Written Answers. - Court Poor Box.

Desmond J. O'Malley

Question:

66 Mr. O'Malley asked the Minister for Justice the extent of the use of the poor box in lieu of fine by the Judiciary; the status, if any, of such practice; and if she will make a statement on the matter. [9193/97]

I am aware that for many years, pre-dating the foundation of the State, individual judges, from time to time, have ordered that contributions be paid into the court poor box or be paid directly to a named charity rather than convicting and fining a defendant in the usual way.

The decision on the appropriate penalty is taken by the judge, within the maximum prescribed by law, by reference to the conclusions he has reached after trying the case, hearing the evidence presented and assessing the culpability and situation of the accused.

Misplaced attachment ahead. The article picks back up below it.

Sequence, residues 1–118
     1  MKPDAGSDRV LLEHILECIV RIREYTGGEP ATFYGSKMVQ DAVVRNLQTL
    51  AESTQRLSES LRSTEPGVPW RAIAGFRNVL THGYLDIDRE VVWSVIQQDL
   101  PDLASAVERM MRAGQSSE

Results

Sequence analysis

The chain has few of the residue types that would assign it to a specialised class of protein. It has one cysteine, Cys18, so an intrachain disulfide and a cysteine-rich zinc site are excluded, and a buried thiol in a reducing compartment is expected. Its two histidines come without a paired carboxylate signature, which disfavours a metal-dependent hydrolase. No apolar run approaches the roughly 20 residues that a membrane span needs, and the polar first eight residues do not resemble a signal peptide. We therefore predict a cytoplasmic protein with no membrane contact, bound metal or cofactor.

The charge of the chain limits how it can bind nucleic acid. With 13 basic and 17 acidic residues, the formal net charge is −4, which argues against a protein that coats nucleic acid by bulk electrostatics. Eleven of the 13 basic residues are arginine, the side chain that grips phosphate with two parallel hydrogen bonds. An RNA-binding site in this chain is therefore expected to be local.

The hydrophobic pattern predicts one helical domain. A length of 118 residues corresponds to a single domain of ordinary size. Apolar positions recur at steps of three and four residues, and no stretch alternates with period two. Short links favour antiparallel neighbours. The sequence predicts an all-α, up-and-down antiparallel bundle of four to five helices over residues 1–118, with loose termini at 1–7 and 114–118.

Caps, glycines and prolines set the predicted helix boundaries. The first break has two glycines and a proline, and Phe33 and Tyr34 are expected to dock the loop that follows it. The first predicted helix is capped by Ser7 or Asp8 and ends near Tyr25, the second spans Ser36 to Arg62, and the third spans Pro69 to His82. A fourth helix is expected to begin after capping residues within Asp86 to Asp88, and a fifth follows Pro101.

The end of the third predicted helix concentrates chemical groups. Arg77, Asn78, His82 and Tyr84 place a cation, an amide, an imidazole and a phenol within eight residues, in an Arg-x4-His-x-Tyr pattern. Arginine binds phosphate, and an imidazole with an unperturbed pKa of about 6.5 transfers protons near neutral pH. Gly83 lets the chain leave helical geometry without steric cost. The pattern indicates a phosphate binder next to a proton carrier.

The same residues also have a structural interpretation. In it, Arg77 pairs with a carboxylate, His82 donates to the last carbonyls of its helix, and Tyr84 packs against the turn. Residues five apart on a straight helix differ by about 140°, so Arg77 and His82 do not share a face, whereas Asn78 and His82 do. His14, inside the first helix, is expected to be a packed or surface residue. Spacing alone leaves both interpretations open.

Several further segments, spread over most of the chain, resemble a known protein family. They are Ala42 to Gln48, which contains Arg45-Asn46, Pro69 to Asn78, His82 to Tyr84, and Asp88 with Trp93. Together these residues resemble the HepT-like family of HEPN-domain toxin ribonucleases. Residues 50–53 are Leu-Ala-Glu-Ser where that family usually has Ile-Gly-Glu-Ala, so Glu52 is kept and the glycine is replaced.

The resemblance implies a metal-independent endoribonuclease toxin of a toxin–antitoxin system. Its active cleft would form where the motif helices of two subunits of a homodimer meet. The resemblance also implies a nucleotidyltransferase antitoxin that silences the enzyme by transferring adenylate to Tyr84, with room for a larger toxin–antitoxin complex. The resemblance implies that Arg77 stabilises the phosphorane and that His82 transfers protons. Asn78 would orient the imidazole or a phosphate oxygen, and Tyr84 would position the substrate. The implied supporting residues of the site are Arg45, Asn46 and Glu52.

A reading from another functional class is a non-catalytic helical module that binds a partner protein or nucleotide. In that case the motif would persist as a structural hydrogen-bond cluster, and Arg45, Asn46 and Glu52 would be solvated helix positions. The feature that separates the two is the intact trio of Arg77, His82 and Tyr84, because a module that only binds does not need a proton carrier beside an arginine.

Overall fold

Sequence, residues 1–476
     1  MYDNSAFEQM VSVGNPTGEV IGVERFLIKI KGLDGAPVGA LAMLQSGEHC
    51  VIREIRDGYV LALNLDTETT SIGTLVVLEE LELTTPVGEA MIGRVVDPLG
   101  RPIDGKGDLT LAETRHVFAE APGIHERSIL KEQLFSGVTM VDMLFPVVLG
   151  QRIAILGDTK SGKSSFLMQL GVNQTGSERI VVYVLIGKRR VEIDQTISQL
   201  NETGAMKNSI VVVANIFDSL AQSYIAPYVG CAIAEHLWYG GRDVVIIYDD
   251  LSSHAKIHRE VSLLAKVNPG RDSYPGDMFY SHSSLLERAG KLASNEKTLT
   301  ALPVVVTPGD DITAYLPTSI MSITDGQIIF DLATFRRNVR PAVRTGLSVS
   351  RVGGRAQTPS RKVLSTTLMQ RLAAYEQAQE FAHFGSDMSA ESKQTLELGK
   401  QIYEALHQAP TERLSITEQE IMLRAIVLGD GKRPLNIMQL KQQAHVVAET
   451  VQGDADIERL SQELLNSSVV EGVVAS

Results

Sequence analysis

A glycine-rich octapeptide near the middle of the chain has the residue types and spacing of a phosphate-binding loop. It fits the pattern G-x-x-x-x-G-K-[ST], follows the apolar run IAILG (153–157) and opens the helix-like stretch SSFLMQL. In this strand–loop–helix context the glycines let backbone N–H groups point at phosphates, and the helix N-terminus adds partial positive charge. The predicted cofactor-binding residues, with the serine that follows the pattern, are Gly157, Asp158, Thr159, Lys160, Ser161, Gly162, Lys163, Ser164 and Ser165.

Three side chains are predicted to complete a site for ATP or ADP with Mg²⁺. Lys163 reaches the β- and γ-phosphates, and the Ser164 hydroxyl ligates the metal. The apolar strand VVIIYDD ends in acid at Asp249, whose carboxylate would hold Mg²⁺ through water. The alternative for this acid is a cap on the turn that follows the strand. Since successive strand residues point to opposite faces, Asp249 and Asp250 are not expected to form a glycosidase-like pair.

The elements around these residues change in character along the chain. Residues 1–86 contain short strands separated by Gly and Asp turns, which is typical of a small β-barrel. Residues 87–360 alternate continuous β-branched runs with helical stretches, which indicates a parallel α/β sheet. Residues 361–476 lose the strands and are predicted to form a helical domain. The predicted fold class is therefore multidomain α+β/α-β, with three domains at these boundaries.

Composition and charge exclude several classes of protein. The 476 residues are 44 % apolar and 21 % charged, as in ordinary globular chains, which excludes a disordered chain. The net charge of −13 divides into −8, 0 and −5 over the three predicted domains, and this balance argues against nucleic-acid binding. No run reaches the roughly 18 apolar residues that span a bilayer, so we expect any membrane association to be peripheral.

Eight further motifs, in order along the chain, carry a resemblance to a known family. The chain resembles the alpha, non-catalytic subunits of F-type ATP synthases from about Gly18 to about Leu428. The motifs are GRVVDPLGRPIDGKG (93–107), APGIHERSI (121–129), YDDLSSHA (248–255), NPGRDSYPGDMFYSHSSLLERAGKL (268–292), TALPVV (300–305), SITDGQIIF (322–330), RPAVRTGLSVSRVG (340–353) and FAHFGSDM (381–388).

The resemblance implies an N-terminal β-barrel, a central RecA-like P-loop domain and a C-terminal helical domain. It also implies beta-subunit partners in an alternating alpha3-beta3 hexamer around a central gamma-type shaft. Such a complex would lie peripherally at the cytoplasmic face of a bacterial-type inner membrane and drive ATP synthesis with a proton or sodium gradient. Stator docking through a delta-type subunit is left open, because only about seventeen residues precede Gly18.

The court poor box is used predominantly in the District Court. In the year ending 31 December 1996, there was a total of 1,956 contributions made to the court poor box to total value of £305,481.18.

Set out below are the amounts received in this regard in the District Court for the years ending 31 December 1993, 1994, 1995 and 1996.

£

1993

139,750.68

1994

161,159.96

1995

217,143.22

1996

305,481.18

In the Circuit Court for the same year ending 31 December 1996, contributions were made to the court poor box in three Circuit Court venues as follows:
Castlebar: eight contributions to the total value of £1,600; Monaghan: one contribution to the value of £200; Galway: 30 contributions to the total value of £11,650.
Contributions ordered by the judge to be made direct to a charitable organisation or be transmitted through the Garda or the probation and welfare office are not recorded in the above.